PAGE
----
Researchers shed light on Neanderthal's legacy in humans

Researchers say some human traits that are linked to sunlight, including a person's mood and sleep patterns, may be influenced by their Neanderthal forefathers.

A study of the genomes of over 100,000 Britons who inherited DNA from Neanderthal ancestors found they reported higher rates of listlessness, loneliness, staying up late and smoking.

Scientists at the Max Planck Institute for Evolutionary Anthropology in Leipzig, Germany, also confirmed that Neanderthals interbreeding with humans affected people's skin and hair color, though not in any single direction.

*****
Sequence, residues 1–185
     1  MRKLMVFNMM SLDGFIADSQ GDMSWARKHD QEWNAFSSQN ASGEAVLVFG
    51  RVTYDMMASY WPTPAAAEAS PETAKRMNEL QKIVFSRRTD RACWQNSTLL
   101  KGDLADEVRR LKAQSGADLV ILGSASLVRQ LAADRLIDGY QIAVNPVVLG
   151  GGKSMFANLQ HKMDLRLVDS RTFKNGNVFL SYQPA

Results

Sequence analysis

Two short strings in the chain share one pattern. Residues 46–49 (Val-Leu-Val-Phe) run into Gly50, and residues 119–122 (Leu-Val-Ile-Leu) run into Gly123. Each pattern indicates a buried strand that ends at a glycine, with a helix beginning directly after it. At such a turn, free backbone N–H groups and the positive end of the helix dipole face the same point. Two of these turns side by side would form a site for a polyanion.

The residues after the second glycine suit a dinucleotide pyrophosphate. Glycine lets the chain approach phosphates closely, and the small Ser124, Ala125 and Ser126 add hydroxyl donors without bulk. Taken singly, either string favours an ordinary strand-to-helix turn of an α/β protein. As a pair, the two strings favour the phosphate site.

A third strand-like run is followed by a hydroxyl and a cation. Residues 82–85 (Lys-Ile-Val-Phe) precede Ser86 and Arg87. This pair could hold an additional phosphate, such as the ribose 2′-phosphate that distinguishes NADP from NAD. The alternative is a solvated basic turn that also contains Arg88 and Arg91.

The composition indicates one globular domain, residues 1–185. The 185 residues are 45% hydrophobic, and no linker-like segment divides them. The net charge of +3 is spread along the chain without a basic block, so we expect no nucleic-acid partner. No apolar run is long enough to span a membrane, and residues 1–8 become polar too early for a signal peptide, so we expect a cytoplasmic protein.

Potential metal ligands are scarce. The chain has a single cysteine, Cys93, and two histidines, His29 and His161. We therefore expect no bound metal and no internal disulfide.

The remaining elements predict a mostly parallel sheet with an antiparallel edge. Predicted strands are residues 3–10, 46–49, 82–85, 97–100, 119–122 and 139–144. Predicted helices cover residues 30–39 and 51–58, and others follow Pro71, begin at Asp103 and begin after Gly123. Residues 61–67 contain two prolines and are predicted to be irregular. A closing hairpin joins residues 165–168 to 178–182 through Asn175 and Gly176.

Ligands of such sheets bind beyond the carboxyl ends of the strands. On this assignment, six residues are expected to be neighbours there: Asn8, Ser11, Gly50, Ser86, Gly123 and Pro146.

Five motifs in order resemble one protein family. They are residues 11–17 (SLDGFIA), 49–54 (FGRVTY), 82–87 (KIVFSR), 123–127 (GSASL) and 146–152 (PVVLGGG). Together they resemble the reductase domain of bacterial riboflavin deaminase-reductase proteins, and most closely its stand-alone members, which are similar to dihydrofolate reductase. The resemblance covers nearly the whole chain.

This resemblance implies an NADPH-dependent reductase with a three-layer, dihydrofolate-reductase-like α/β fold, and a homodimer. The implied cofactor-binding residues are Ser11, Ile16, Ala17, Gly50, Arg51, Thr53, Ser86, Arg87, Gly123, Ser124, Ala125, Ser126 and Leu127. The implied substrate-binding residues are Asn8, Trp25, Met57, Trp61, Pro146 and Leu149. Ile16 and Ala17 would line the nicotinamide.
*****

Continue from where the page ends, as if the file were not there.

Michael Dannemann, who co-authored the study published Thursday in the American Journal of Human Genetics, said the findings suggest Neanderthals were already well-adapted to low and variable levels of sunlight in Europe when modern humans first arrived there from Africa some 50,000 years ago.